My experiences as a creative person, tutor of children, and teacher of creative writing

Wednesday, September 30, 2009

Helping Your Struggling Student - Math

Visual-spacial learners need to experience math. They need to be able to visualize what each number means. They need to “see” the story problem. Drawing pictures, using manipulate (things to count etc), charts, graphs, and pictures can help them learn.


Real life experiences such as using play money and playing store, or using fractions in baking can help make math into a concrete experience that they can visualize and comprehend.

They need to discover the answers for themselves. The need to work out the details themselves. They may find unusual approaches which work, or they may suddenly have the whole picture (the answer) and be unable to tell you how they got it. This does not mean that they cheated. It simply means that they think in pictures and do not verbally sequence.

They might have trouble handling details and need structure. Many errors on math tests are the result to confusing the data in the problem. Using grid paper or lined paper turned sideways to help keep math columns straight can be a great help. Circling the important data in a problem or labeling the steps can also help. This is best done with colored pencils since it will draw the attention of their visually stimulated mind.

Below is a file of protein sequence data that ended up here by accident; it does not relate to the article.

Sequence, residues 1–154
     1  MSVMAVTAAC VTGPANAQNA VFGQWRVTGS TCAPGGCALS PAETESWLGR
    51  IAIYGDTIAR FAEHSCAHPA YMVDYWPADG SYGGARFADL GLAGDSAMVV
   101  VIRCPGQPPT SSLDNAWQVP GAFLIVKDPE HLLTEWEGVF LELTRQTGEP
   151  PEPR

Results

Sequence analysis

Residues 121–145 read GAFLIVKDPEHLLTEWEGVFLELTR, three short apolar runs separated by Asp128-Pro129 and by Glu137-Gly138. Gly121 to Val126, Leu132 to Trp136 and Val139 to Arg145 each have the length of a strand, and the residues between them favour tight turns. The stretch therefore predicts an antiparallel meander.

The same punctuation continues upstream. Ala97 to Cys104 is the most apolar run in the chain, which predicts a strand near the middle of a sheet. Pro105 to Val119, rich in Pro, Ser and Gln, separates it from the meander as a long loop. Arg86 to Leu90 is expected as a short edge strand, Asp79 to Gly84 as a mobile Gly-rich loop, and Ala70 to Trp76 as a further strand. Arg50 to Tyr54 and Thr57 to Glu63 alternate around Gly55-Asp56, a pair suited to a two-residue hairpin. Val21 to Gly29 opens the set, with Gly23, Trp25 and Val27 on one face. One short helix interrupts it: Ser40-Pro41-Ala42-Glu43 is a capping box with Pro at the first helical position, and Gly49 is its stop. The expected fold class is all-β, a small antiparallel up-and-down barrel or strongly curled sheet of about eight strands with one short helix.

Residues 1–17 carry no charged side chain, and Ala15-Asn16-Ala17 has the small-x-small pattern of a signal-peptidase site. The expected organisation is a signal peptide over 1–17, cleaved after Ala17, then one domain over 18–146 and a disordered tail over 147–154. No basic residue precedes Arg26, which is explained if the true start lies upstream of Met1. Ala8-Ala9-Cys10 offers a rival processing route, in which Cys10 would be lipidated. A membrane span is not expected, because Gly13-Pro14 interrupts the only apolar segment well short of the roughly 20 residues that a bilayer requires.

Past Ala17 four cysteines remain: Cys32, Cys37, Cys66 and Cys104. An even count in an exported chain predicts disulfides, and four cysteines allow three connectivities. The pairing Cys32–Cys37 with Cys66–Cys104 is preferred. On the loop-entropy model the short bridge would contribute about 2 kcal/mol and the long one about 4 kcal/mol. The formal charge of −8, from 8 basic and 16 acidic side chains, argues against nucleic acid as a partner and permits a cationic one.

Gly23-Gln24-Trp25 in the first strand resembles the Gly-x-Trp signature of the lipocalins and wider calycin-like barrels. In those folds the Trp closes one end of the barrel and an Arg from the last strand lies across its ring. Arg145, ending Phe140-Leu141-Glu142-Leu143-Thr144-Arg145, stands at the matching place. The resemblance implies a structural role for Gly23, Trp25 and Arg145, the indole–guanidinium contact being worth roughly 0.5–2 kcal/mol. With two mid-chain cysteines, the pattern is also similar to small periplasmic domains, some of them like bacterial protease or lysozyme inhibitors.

They must see examples of how to do the problem before they attempt to do it themselves.

They may forget the order to do each step of the problem. Having an example which is labeled as step 1 etc. may help.

It may also help them to deal with the idea of the problem first; to see what is happening and what they need to do, then put in the numbers.

If they must learn math facts, there are times, addition, and subtraction facts which have been put to music.

Movement will help many children learn math. I have allowed children to jump rope, swing, or jump on a mini-tramp to develop counting skills.

There are some books which can help with learning mathematical concepts. They present concepts within a whole story. This gives the child a the picture of how math is used.

Using a number line may help some children to “see” how numbers relate to each other. It can make addition and subtracting something concrete that they can see.